“The keyboard only has the keys you need for the, um, the key,” she tells Becky. “The app will only accept the right number of characters. Just… mash on it however you want? It’ll beep when it's got enough input, then… then I guess we see if magic is real?”

They're back on the roof, in the bell tent, because Becky refused to leave Crowley. Now she's using the coils of his tail like a creepy scaled beanbag, laptop propped up on her knees and angled so she's the only one who can see the screen. Sam is sitting on Crowley’s other side, fingers twitching and Ruby’s knife tucked into the back of his belt.

The potion Sam made from the feather and the claw is a revolting green-brown sludge currently corroding one of the Bunker’s cut-crystal tumblers.

(They'd been a bit worried about that, what with the demon-blood and all, but Cas had squinted at the glass for a good minute or so and proclaimed it safe.

“The lingering grace should neutralize the taint,” he'd told them.

“Well,” Dean had said. “If nothing else, it's probably not worse than getting shot up with demon jizz.”

Sam had punched him in the arm for that. The bruise still smarts.)

“Well,” Becky says, looking at the tumbler. “Mazel tov.” Then she downs the whole thing.

The air… shimmers. Dean doesn't know how else to describe it. Like the feeling of Cas’ grace or a demon’s smoke, but… different. Powerful, though. Very powerful.

“Ah,” says Crowley, tongue flicking like mad. “That’s what it's supposed to feel like.”

Becky, meanwhile, is dry heaving and trying not to throw up onto the laptop. “Oh, fuck. I think I'm gonna hurl…”

“I'd do it quickly, pet,” Crowley says. “The effect won't last forever.” Beneath Becky, his coils shift. Dean tries not to think of it as an embrace.

“Okay,” Becky says. “Okay… fuck. Here goes…” And she starts smashing at the keyboard.

It seems like she's only just started when the laptop emits a perky little astromech trill (Dean shoots an approving nod at Charlie, getting a wink in return), and Chuck’s drive begins to grind.

“Oh,” says Becky. “Oh, shit. It worked. It’s decrypting.”

Everyone leans forward, the air in the room suddenly charged with something more than just residual magic and demon funk.

“Well?” says Sam.

“Hold on,” says Becky. “I'll just


INT. BELL TENT - NIGHT

BECKY (CONT'D)

open the folder and…

(she sighs)

Oh, Chuck. C'mon.

SAM

What?

BECKY

It's like… there are like a zillion PNGs in here.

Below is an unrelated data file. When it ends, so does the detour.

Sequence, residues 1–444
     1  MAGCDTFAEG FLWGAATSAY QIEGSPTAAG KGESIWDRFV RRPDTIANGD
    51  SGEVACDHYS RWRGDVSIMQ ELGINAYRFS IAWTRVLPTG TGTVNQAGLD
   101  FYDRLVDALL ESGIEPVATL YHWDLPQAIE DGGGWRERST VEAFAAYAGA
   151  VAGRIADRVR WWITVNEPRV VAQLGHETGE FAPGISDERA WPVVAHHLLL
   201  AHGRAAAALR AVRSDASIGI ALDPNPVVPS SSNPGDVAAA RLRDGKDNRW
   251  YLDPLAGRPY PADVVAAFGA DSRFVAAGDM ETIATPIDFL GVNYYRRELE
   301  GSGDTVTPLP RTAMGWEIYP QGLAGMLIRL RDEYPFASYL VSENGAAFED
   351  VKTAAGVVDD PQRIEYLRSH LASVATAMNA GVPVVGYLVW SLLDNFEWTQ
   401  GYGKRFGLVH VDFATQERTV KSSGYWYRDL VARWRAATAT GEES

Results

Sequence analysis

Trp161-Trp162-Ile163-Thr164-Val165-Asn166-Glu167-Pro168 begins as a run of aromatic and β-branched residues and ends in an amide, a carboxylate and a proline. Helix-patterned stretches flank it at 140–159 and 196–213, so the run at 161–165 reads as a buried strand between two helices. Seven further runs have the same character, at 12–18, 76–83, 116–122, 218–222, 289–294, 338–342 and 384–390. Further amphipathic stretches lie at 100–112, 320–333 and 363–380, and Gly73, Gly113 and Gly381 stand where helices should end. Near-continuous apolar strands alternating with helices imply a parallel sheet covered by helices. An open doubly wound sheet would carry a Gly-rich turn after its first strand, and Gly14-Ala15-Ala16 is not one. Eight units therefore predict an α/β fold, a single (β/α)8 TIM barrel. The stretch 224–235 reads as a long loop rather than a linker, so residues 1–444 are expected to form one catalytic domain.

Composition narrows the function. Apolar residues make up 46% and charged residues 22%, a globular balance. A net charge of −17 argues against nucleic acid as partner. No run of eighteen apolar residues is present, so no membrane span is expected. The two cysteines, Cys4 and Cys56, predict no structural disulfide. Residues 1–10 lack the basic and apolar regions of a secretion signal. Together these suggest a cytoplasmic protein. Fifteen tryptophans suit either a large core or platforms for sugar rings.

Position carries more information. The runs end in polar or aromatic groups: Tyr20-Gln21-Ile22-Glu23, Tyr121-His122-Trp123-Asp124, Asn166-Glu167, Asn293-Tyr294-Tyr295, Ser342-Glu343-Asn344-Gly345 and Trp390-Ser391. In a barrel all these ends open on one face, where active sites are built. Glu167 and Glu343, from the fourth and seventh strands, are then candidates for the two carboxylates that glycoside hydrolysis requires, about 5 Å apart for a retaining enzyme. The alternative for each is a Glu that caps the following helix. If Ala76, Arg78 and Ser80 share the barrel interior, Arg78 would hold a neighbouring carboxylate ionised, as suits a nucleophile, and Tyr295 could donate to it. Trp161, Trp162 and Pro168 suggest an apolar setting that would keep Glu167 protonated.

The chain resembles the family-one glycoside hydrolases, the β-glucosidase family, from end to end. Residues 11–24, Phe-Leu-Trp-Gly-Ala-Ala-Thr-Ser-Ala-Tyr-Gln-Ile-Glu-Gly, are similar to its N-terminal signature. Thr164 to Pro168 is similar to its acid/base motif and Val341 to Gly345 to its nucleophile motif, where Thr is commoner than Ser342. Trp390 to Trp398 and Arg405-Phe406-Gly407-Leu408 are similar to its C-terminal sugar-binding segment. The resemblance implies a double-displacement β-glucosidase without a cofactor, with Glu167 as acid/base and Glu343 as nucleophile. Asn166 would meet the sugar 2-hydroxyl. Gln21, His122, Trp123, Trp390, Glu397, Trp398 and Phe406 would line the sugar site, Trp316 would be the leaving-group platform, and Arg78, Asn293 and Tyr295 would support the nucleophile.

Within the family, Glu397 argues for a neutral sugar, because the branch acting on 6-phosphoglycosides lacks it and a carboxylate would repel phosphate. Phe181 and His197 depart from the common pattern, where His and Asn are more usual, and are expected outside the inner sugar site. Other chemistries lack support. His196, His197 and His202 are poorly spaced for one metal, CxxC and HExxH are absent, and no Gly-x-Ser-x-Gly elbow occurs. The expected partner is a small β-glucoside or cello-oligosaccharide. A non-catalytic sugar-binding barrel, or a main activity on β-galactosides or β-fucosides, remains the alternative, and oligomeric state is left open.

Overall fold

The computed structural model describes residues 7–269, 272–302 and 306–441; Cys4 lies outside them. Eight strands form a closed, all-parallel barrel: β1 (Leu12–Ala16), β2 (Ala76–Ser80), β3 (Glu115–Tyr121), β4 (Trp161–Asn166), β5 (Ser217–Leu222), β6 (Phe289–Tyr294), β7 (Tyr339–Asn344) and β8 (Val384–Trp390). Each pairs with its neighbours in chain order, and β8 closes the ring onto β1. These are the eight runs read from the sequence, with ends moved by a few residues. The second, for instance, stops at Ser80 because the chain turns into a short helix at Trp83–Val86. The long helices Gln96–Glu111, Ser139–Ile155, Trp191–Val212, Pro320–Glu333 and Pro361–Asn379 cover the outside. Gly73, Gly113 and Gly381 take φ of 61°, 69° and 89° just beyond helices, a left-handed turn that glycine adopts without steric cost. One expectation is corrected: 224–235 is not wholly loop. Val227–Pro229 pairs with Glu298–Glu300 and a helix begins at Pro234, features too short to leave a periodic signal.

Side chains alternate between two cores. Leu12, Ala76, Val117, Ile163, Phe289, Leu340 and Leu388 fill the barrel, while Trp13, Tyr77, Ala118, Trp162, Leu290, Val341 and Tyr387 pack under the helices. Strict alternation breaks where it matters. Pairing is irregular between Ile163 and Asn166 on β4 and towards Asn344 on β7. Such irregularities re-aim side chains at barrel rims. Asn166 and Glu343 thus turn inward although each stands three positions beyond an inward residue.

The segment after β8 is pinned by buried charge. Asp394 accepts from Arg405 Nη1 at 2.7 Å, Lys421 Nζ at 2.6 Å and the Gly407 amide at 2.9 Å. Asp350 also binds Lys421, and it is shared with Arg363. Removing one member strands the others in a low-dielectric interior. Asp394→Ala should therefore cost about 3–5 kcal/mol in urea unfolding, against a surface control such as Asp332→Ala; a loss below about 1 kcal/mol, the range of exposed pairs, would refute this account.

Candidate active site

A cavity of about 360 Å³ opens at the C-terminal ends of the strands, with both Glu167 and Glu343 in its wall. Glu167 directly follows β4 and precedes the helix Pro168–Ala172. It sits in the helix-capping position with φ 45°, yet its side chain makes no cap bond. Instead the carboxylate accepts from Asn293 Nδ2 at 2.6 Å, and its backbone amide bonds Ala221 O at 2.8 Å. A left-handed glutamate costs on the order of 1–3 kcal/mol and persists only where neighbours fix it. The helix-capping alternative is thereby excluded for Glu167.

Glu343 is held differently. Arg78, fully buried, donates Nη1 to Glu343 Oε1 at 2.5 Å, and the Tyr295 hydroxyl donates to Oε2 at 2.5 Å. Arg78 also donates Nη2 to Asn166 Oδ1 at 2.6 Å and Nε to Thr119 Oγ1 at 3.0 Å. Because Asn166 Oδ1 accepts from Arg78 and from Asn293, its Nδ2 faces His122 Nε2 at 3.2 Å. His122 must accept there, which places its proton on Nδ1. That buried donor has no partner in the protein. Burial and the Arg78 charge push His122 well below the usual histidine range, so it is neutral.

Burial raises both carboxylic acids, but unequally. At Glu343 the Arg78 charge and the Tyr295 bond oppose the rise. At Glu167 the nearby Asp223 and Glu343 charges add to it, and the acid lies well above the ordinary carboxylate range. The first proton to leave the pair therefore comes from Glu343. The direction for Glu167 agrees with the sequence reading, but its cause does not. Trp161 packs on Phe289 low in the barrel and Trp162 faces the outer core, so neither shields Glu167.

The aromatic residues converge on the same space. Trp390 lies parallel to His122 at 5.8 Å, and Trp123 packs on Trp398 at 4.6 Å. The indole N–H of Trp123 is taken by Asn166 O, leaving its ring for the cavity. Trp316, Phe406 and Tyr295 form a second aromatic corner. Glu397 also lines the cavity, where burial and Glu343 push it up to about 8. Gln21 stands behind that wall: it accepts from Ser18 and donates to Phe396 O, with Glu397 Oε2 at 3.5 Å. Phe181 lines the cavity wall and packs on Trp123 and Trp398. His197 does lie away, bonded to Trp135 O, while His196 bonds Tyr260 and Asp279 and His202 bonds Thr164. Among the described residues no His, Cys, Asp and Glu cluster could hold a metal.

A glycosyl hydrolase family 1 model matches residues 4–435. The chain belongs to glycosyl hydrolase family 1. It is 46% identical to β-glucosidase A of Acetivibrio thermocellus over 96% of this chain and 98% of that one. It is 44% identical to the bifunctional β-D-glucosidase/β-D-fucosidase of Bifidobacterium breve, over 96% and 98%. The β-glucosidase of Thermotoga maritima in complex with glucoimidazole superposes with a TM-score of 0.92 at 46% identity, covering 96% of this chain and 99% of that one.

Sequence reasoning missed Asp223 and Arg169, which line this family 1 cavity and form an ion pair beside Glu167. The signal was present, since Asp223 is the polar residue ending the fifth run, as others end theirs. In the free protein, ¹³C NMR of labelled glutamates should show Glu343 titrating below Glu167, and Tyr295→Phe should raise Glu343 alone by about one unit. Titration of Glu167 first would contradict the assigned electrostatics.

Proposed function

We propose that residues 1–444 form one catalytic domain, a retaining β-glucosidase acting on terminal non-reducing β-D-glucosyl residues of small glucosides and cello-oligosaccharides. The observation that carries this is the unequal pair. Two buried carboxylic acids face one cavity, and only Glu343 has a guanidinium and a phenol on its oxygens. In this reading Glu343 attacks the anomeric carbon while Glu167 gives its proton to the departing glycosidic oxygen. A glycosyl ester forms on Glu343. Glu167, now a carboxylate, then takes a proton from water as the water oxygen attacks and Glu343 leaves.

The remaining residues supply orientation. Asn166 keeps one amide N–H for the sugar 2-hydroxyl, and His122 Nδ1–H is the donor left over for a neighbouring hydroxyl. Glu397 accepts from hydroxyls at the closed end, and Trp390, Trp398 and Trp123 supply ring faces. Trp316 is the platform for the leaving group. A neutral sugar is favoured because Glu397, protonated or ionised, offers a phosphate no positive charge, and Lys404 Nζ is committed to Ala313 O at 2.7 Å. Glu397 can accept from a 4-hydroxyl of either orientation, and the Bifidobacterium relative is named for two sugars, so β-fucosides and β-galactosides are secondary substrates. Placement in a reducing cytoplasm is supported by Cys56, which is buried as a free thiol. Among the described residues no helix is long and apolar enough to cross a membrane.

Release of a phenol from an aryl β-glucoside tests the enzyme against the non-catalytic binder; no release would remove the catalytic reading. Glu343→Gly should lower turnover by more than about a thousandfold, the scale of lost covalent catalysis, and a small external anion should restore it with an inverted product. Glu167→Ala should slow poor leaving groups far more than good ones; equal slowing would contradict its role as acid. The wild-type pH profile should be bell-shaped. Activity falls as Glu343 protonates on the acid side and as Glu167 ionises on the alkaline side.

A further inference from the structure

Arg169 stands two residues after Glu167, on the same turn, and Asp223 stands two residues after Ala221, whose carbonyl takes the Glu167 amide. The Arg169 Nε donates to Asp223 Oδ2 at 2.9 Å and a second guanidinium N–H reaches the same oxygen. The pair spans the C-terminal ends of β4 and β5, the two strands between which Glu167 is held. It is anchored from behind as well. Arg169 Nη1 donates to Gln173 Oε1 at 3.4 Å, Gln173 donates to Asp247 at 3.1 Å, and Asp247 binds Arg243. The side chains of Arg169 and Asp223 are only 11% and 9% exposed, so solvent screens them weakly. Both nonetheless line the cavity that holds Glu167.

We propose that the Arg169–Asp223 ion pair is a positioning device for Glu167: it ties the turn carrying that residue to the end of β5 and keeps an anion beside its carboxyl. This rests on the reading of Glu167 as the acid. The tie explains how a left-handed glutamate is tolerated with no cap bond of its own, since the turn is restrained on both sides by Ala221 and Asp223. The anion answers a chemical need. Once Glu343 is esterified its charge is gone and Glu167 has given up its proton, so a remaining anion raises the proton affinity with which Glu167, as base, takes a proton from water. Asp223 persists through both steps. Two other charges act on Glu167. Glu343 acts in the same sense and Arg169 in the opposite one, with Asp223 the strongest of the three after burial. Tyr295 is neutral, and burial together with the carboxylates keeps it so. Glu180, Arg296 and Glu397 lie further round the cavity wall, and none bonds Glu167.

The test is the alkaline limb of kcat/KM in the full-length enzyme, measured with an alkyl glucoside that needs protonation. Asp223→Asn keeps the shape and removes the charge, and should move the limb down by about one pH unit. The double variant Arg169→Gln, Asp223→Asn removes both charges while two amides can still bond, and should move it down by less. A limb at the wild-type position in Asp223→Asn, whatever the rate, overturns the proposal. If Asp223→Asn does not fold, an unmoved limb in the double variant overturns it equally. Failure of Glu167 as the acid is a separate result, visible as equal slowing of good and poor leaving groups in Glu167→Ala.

DEAN

Told you it was his porn collection.

BECKY

It's not porn. It looks like scans from a notebook.

(she double clicks a file)

No, wait. Scans of a script? It's—

She stops abruptly, speechless.

SAM

Becky? Becky!

He goes to reach for the laptop, but is held back by one of CROWLEY's claw-arms.

CROWLEY

Uh-uh. No—

CROWLEY AND BECKY (TOGETHER)

—touchy-touchy, Moose. You really don't want to find out what happens if you do that.

Everyone stops and stares at BECKY.

CROWLEY

… Er.

BECKY

(reading)

Like I said, it's a script. A screenplay.

(she looks up)

Now Dean says:

DEAN

A screenplay of what?

(beat)

Wait. You mean it's a screenplay of this? Right here, right now?

BECKY

(nods)

It says, um.

(starts reading again)

I guess Chuck was trying out a different medium? He talked about writing for TV once.

(stops reading, outraged)

No you didn't you asshole! We never had that conversation. You can't just retcon my backstory like that when you know you're doing it because you've also included this bit! Ugh! This is why it didn't work out, Chuck!

DEAN

(unsympathetic)

Hah!

BECKY just scowls at him.

SAM

Well. I guess we found the apocrypha.

(to BECKY)

What else is there?

BECKY starts paging through more of the image files.

BECKY

Um. Oh, geez. Chuck…

(to SAM)

"Lots" is the answer. Um. It doesn't look like it's in any order.

SAM

From before the Landing or just after?

BECKY

All over. I've got scenes with you as kids, scenes from when Chuck and I dated, scenes from— hah! Scenes of Crowley as a kid.

CROWLEY

(alarmed)

Lies, the lot of it.

BECKY pats him sympathetically.

DEAN

Michael? Lucifer? Anything useful?

BECKY

Maybe? I don't know. I'll need to go through everything.

SAM

How long's that going to take?

BECKY

How long have you got?

DEAN

Can't you, I dunno, do a search?

BECKY

On what? It's image files. The filenames are just… Nonsense random letters and numbers.

CHARLIE

How clean are the images? We might be able to get some OCR on that.

(she gets visibly excited)

Oh! I said something! That means I'm in the script! How exciting!

DEAN

All right. Charlie, get on that. Becky, I guess you've got some reading to do. And, me, I'm—

BECKY

(reading)

Gonna go make dinner. I know. And yes, burgers sound great.

FADE OUT.

THE END